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"DNS Forgery Pharming" Attack Against BIND 9 105

Posted by kdawson
from the better-hope-sitekey-works dept.
Monley writes "Help Net Security is running a story about a severe flaw in BIND's implementation that allows fraudsters to efficiently predict generated random numbers without the need to control the route between the user and the DNS server. (Here are HTML and PDF versions of the paper.) Using this vulnerability, fraudsters can remotely forge DNS responses and direct users to fraudulent websites, which can steal the user's sign-in credentials and do other mischief. The flaw was discovered by security researcher and Trusteer's CTO, Amit Klein." The ISC has released a patch to BIND 9.
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"DNS Forgery Pharming" Attack Against BIND 9

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  • New (Score:1, Insightful)

    However, security researcher and Trusteer's CTO, Amit Klein, has discovered a severe flaw in BIND's implementation which allows fraudsters to efficiently predict generated random numbers without the need to control the route between the user and the DNS server.

    How long has BIND been using the same random number generator? I'm a little bit skeptical that Mr. Klein is the first person to consider the possibility of mimicking its behavior.

    Maybe the headline should read,"Exploit which bored college students figured out fifteen years ago is finally released to the mainstream".

    • Re: (Score:3, Insightful)

      by dave562 (969951)
      Maybe those bored college students should have gotten off their asses, put down the bongs and published some research that they would have been paid for.
    • Maybe the headline should read,"Exploit which bored college students figured out fifteen years ago is finally released to the mainstream".
      They are a source of major innovation aren't they? Whitespace anyone? http://compsoc.dur.ac.uk/whitespace/ [dur.ac.uk]
    • Re: (Score:2, Interesting)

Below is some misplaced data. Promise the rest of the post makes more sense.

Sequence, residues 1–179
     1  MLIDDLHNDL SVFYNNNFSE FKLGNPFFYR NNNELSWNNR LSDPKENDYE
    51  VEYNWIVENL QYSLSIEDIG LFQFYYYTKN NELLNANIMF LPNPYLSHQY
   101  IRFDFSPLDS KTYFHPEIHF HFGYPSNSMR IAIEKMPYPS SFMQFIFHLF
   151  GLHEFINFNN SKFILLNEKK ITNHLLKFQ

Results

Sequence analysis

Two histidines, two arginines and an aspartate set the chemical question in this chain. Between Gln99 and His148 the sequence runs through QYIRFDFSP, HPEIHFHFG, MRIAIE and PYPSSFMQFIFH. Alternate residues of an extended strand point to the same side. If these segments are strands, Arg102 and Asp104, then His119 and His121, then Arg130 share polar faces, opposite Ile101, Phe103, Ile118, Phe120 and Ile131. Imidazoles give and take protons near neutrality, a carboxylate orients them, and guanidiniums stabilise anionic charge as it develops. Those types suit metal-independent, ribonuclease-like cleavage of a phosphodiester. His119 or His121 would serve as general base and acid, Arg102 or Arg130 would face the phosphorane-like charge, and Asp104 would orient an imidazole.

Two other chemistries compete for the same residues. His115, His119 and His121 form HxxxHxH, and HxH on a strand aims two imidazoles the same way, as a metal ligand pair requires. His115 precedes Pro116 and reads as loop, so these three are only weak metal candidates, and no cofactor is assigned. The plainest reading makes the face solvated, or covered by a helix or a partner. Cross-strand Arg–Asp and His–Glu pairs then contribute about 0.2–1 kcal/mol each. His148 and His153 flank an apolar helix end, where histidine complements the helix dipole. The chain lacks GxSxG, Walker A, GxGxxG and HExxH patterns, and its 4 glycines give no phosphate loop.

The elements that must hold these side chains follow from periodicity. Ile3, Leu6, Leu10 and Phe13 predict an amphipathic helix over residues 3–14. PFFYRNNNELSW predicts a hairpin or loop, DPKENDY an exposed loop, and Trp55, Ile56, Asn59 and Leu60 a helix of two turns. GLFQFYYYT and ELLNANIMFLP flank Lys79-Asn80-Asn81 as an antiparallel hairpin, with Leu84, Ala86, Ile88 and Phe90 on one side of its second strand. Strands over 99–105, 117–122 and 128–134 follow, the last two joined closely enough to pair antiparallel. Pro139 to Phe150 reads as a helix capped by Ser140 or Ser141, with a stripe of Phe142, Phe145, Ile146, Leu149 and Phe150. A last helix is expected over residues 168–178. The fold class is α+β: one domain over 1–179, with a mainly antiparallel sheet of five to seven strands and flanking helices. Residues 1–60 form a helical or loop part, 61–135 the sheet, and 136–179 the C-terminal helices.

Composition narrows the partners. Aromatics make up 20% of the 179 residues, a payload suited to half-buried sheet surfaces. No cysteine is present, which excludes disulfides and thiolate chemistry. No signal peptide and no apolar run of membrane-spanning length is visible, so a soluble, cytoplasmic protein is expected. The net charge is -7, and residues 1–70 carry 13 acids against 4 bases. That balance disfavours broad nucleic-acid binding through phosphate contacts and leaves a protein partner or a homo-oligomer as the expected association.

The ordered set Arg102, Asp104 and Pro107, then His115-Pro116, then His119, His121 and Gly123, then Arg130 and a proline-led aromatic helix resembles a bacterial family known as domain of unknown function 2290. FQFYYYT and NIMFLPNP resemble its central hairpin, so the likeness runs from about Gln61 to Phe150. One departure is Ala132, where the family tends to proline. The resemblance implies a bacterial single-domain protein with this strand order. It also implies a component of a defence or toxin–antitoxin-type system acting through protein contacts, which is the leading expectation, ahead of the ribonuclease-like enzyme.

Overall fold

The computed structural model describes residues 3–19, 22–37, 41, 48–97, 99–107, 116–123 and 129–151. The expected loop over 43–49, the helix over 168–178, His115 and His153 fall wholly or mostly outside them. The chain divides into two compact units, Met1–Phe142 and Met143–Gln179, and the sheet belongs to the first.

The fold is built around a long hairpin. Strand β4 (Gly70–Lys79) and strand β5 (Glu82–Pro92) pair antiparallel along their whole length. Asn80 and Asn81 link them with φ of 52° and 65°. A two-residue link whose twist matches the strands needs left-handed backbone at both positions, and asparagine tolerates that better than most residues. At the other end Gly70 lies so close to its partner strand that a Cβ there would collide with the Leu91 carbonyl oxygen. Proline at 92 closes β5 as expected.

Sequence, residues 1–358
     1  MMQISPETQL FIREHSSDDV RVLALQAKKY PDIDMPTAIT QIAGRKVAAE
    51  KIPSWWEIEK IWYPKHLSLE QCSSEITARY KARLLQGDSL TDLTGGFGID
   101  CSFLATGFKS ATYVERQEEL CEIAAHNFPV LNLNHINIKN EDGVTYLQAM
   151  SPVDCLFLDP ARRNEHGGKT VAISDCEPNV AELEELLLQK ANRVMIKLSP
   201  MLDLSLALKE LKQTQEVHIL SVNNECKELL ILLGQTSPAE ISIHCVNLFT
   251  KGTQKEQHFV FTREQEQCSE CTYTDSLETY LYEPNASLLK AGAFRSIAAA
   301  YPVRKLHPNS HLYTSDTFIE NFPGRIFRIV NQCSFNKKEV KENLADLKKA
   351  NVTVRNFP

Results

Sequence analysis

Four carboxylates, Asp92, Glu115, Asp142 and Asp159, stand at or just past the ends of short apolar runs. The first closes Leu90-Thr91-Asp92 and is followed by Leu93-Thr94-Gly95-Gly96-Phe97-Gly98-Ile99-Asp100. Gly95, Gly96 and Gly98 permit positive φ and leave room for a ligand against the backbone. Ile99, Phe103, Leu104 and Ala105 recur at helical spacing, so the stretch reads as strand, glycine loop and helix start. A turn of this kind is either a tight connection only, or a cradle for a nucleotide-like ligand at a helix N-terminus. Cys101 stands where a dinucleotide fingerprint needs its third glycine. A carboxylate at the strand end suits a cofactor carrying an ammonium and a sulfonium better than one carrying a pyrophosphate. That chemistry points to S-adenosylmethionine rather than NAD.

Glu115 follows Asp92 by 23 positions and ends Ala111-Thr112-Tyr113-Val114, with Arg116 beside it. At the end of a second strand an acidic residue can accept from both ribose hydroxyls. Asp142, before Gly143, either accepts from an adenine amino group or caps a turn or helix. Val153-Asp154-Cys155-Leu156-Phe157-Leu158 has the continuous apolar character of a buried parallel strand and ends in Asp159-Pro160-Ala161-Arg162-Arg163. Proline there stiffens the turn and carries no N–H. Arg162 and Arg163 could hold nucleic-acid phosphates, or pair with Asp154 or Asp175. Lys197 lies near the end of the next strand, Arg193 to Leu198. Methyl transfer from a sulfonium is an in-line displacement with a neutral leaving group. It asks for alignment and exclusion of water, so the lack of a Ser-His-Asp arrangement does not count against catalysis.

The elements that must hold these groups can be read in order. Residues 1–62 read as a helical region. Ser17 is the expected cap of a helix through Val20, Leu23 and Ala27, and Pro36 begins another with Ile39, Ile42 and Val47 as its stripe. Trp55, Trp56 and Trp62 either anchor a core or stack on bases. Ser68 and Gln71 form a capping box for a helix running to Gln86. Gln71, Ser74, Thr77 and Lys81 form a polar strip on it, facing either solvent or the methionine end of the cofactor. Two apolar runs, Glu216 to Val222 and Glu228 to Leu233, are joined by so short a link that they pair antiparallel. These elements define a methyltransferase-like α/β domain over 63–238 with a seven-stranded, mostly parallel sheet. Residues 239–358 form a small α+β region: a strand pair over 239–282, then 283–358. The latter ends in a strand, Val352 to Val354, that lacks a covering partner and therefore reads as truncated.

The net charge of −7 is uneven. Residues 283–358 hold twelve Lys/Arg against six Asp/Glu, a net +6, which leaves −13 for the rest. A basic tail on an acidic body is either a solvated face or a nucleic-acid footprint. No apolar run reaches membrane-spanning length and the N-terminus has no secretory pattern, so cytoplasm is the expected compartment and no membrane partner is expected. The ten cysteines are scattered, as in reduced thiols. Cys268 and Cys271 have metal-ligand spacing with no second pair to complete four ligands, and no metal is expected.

We'll thank goodness the people who are claiming the exploit *also* happen to have a product to defeat said exploit...

      "Existing desktop security solutions cannot protect against this type of attacks since DNS forgery pharming does not involve the user's computer or the DNS server but rather the cached data on the DNS server. Mutual authentication solutions, such as Trusteer's Rapport, which strongly authenticates the destination website and prevents access to unauthenticated websites, can defeat the attack.
    • Re:New (Score:5, Interesting)

      by Charles Dodgeson (248492) * <jeffrey@goldmark.org> on Tuesday July 24, 2007 @02:26PM (#19973141) Homepage Journal

      How long has BIND been using the same random number generator? I'm a little bit skeptical that Mr. Klein is the first person to consider the possibility of mimicking its behavior

      If you read the PDF, you will see that a good history of this kind of attack (and previous responses to it) are detailed. Apparently there has been is history of research into this kind of attack, with various counter measures. But the new attack (which seems like it would apply to almost all versions of BIND9 takes a different approach at "cracking" the PRNG which looks like it could be run against real-world servers.

      I don't pretend to understand everything (or even most things) in the PDF, but it looks like solid research to me.

    • Re: (Score:3, Informative)

      by e9th (652576)
      This weakness of BIND has been griped about for TEN YEARS!

      http://www.openbsd.org/advisories/res_random.txt [openbsd.org] http://cr.yp.to/djbdns/forgery-cost.txt [cr.yp.to]

  • Come again? (Score:4, Insightful)

    by Angst Badger (8636) on Tuesday July 24, 2007 @02:08PM (#19972849)
    Since when is a severe flaw in BIND's implementation news?
    • Come on, whoever marked this as troll has no idea of the history of BIND, or how many times many of us have had to patch BIND over the last ten years. Consider this: BIND is the only server that I've ever seen a distro package so as to be easily chrooted. Why do you suppose that is?
      • by msimm (580077)
        It's news because for a number of readers will be effected (no matter how many times it might have happened in the past). As for chrooting it's really a shame more packages *aren't* commonly jailed. But even bind isn't frequently chroot by default.